New research from the Evidence Based Practice Unit (EBPU), shows an increase in UK girls reporting emotional differences in the last five years.
The study suggests that while an average school class from 2009 might contain one or two girls with emotional problems, in 2014 an average of three girls would be experiencing emotional difficulties – an increase of 55%.
The study asked over teenagers, aged 11-13, from a range of schools, to fill in a self report questionnaire online in 2009 and then teenagers from the same schools to fill it in again in 2014. Over 3000 teenagers filled in this Strengths and Difficulties Questionnaire in total. In 2009, 13% of girls were in the ‘at risk’ category for emotional responses, according to their questionnaire responses. In 2014 this increased to 20%. There was no change in any other area of mental wellbeing measured across the sample of boys and girls.
Why girls? Dr Helen Sharpe, Schools and Clinics Research Fellow and one of the paper’s co-authors, thinks it could be due to girls being more aware of how they look: “The study itself didn’t look at why, but my hypothesis is that it may be something to do with body image,” she said. “We know this is particularly salient for girls during early adolescence.” Sharpe also thought the rise in use of social media might have had an impact: “We know that social media is particularly appearance focussed.”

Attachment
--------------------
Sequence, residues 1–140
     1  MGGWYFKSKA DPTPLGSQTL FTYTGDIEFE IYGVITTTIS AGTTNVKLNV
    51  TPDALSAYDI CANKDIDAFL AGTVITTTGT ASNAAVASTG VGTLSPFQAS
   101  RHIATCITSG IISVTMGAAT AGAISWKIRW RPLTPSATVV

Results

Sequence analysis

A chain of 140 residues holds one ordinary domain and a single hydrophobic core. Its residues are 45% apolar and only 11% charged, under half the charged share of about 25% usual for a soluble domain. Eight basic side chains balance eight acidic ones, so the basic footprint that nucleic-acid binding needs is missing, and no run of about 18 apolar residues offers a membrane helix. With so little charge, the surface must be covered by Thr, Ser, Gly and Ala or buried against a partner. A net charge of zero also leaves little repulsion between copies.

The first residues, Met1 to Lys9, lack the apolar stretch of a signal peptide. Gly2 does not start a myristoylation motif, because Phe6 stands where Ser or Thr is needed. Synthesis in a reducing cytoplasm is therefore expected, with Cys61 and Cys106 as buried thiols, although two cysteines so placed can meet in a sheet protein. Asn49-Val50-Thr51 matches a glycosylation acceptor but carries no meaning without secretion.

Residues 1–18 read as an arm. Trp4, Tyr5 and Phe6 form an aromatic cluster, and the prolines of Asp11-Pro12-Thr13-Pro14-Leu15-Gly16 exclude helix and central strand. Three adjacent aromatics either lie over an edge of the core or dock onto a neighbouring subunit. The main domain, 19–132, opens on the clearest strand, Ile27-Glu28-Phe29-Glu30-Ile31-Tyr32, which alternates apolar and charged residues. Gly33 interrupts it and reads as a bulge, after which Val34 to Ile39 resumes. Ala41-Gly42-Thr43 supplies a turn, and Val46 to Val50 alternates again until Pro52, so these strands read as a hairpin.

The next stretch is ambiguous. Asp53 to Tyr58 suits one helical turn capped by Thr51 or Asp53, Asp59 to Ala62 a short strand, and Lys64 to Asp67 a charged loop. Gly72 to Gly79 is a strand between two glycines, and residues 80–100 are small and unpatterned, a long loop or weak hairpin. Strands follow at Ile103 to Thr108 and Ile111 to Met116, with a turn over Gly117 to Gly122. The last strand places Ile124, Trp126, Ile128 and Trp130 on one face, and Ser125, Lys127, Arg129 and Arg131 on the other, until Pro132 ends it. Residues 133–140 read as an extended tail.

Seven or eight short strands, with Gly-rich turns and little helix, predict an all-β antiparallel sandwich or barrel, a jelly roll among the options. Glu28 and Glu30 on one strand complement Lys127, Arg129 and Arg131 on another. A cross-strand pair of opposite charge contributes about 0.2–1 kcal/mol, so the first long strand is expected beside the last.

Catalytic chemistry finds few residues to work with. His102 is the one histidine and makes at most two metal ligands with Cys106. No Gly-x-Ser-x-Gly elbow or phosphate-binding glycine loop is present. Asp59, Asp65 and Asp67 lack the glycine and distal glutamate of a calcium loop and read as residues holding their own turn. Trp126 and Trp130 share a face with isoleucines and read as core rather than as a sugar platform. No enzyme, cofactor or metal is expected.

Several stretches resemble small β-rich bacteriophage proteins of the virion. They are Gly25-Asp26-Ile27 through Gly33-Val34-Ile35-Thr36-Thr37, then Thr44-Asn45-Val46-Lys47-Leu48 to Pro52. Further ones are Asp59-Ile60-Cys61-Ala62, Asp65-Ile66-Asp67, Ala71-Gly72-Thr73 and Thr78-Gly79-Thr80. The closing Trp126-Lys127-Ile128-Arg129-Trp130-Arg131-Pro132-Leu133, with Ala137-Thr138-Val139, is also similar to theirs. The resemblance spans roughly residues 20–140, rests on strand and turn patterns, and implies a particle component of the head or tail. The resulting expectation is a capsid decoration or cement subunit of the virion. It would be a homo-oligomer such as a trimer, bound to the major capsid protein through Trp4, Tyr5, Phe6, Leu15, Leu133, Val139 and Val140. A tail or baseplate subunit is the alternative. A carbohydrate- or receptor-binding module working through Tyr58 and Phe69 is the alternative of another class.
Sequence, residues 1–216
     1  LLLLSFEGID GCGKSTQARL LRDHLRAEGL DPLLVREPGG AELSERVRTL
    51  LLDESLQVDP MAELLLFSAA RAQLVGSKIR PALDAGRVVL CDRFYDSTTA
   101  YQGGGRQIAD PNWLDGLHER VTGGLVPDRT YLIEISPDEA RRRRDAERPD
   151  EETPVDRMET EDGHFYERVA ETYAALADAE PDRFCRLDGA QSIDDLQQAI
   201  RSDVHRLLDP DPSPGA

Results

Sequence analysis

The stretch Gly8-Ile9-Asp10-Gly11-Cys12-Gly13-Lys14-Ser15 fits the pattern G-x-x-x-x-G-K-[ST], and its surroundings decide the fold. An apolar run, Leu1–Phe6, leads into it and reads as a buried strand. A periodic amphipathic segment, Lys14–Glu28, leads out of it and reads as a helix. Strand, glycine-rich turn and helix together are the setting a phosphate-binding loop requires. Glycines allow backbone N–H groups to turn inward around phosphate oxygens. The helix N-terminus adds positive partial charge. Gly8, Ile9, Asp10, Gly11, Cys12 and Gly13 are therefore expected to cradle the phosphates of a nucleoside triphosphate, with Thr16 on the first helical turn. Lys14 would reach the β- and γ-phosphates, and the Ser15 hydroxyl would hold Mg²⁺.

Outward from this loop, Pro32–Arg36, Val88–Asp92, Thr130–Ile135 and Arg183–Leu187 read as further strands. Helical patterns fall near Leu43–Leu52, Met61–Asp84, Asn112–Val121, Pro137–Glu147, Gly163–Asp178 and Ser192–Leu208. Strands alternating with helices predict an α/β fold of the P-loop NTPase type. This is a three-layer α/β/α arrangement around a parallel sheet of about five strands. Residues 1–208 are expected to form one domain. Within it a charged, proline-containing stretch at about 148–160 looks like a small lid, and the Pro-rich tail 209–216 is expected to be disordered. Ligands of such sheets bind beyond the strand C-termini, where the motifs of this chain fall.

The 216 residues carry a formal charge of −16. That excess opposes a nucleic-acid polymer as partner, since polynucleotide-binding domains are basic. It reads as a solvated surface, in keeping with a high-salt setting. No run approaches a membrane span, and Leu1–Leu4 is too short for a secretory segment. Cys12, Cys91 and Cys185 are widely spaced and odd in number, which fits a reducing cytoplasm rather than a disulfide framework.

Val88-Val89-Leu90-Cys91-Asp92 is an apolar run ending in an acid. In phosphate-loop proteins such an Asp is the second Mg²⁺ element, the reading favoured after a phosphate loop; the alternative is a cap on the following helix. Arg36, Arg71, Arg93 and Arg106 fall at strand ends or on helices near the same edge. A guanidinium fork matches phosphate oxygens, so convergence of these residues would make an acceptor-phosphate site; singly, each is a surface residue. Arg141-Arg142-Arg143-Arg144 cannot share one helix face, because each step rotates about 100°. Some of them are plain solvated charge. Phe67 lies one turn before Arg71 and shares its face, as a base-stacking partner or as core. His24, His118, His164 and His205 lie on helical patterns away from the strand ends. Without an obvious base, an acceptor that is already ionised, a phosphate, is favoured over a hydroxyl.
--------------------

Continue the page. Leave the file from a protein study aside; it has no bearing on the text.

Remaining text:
It is possible that this increase was due to girls being more likely to report problems in 2014 rather than more likely to experience difficulties, but Sharpe doesn’t think so: “There’s no reason to think that girls would suddenly get more open about their emotional problems.”
Sharpe identified three main implications of the research:
1. Making sure we measure mental health in teenagers over time: “It’s important to make sure we are measuring mental health problems in young people so we can see if this is a general trend”, Sharpe said.
2. Making sure schools can signpost children to correct services: “I’ve been tremendously impressed with the schools I’ve worked with,” said Sharpe. “We need to make sure that schools are well-prepared to pick up problems and deal with them, knowing about evidence-based interventions they can use and services they can point young people in the direction of.”
3. Funding: “We need sufficient funding in services for young people,” said Sharpe.
The study is published today in the Journal of Adolescent Health.